This is a nice blend of receivers. All five receivers have different body types and bring a unique skill-set to the field. The receiving corps looks significantly more comfortable, capable this preseason and that will lead to the Patriots playing faster and with more multiplicity. I’ve been a big believer in Josh Boyce, but there isn’t room for six receivers on the roster at this point. I hope Boyce can find his way to the practice squad, but I’m not holding my breath.

Tight End (3)
Rob Gronkowski
Tim Wright
Michael Hoomanawanui

The position looks significantly better and more complete with the addition of Tim Wright. The fact that Wright was able to contribute Thursday night is a testament to his smarts and breeds optimism that he can add another dimension to this offense. A “flex” tight end was absolutely imperative to offensive improvement and the Patriots went to the ends of the earth trying to acquire one. Steve Maneri will be released, but if Hoo-man goes down at any point, Maneri will find his way back to Foxboro.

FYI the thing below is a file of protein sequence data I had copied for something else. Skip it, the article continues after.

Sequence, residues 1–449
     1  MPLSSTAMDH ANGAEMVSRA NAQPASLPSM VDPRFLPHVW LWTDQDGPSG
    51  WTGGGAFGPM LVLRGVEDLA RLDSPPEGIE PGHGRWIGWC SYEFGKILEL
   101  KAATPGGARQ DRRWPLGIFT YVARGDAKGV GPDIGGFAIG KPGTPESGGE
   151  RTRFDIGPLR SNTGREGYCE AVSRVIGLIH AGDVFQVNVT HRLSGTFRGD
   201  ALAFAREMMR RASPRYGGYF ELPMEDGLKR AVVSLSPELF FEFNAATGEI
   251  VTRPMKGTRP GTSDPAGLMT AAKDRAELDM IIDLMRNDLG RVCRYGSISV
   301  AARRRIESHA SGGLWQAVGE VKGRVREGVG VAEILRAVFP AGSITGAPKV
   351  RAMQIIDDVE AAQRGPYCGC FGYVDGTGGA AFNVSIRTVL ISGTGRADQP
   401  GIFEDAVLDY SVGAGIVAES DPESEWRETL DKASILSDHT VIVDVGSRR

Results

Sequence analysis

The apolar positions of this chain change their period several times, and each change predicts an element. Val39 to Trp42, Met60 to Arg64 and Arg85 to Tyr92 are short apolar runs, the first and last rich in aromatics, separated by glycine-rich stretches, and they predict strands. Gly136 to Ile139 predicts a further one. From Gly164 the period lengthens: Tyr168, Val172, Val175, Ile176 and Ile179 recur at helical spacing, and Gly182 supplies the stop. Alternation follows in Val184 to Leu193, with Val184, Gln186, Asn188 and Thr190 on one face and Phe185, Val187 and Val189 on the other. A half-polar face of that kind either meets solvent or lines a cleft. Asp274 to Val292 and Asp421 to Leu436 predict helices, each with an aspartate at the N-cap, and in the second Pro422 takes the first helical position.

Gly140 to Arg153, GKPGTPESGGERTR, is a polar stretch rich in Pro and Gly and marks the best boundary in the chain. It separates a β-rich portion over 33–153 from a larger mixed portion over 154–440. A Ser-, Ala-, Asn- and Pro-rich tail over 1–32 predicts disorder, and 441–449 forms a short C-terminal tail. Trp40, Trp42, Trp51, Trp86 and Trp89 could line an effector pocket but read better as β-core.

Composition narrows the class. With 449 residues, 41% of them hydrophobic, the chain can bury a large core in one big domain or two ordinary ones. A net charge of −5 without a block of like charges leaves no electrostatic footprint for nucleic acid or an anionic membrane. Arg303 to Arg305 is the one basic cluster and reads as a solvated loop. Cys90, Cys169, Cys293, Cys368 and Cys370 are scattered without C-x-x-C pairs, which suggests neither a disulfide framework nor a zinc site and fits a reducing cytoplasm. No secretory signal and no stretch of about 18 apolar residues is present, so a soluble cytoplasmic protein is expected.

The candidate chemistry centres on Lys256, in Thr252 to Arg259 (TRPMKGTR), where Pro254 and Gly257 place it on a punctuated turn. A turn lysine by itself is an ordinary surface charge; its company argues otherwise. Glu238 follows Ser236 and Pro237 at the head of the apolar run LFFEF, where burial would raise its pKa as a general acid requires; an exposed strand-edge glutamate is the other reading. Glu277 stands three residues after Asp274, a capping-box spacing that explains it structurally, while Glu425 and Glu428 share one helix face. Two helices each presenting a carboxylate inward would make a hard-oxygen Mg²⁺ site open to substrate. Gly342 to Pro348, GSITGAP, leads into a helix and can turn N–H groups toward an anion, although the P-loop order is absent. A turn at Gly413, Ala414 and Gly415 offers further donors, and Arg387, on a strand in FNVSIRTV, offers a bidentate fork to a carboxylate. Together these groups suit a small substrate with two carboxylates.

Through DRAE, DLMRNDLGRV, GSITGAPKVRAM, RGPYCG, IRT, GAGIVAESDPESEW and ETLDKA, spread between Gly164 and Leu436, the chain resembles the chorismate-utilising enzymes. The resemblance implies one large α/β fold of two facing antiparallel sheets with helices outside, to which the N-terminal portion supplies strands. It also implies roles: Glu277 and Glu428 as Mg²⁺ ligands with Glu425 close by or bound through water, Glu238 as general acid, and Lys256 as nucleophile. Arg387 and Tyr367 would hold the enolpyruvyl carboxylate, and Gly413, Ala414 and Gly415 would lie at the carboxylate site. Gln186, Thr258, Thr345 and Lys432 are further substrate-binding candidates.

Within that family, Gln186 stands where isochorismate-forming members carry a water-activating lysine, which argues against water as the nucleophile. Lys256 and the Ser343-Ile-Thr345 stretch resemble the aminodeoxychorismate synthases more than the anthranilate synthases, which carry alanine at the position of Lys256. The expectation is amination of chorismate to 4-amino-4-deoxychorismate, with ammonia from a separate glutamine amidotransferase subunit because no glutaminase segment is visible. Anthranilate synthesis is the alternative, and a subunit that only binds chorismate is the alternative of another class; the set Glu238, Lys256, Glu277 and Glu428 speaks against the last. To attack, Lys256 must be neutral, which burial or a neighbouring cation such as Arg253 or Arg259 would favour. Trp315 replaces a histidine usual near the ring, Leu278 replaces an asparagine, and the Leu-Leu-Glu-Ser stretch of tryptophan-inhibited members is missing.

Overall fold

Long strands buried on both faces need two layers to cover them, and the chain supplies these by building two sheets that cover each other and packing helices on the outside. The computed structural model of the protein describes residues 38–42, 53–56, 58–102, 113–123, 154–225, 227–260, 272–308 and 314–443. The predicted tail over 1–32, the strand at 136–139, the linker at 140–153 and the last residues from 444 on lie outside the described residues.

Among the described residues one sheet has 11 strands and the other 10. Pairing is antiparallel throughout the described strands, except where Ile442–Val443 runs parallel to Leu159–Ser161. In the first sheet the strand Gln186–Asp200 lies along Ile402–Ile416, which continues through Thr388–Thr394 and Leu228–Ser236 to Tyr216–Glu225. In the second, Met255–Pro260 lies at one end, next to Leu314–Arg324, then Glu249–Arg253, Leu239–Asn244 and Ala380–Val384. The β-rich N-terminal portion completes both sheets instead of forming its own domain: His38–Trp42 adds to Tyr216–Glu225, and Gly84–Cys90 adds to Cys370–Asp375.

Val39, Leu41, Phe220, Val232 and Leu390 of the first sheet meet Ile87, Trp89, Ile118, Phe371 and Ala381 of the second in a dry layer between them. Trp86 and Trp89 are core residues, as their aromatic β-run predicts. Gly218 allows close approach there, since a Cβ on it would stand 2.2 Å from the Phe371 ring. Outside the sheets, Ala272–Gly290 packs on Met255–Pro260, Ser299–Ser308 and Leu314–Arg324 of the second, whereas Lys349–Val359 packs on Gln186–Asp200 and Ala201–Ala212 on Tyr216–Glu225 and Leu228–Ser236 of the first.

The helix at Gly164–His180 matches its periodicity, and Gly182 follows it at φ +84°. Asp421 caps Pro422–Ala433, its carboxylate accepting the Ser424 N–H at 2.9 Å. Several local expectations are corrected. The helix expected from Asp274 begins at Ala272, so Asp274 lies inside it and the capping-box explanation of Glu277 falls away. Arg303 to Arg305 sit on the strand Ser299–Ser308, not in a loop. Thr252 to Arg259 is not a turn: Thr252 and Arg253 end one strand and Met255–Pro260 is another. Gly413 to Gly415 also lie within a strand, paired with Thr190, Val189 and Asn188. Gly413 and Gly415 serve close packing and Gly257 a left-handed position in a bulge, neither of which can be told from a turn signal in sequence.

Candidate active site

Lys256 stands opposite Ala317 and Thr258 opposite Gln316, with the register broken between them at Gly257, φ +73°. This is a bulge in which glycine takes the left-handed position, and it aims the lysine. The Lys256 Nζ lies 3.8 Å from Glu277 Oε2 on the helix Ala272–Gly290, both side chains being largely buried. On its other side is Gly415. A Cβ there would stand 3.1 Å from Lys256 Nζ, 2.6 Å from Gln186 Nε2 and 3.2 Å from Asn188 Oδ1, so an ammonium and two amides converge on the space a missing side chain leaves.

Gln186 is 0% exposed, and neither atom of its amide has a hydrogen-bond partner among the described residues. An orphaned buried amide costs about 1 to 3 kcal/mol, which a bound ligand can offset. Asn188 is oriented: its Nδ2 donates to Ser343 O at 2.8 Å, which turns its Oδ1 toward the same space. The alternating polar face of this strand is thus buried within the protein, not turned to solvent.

Offensive Tackles (3)
Nate Solder
Sebastian Vollmer
Cameron Fleming

Fleming has shown enough during the preseason to be a stop gap Right Tackle if an injury should occur. Marcus Cannon and Jordan Devey can also slide into the starting Tackle position if the need arises.

Interior Linemen (6)
Marcus Cannon
Dan Connolly
Bryan Stork
Ryan Wendell
Josh Kline
Jordan Devey

Don’t ask me how these six will occupy the three starting interior line spots because I don’t have a clue. Connolly could start at Center or Left Guard. Marcus Cannon could start at either Guard position and Wendell could be the starting Center or be cut. Rookie 6th Round pick Jon Halapio is the odd man out in this projection, but if he makes the roster it won’t be a major surprise. Halapio will find work whether it’s on the practice squad or with another NFL team.

Defense

Defensive Ends (5)
Chandler Jones
Rob Ninkovich
Dominique Easley
Michael Buchanan
Zach Moore

Easley will obviously play on the interior as well, but the Patriots announced him as a Defensive End during the draft and I see him playing a pass rush specific role to start his career. One of his strengths is his ability to play multiple alignments on the defensive line and create pressure from all of them. Zach Moore can play both on the outside and on the inside, but he’s still very raw. Buchanan is the lone “pure rush end” behind Jones and Ninkovich. This is a position that should be targeted as other teams cut down their rosters.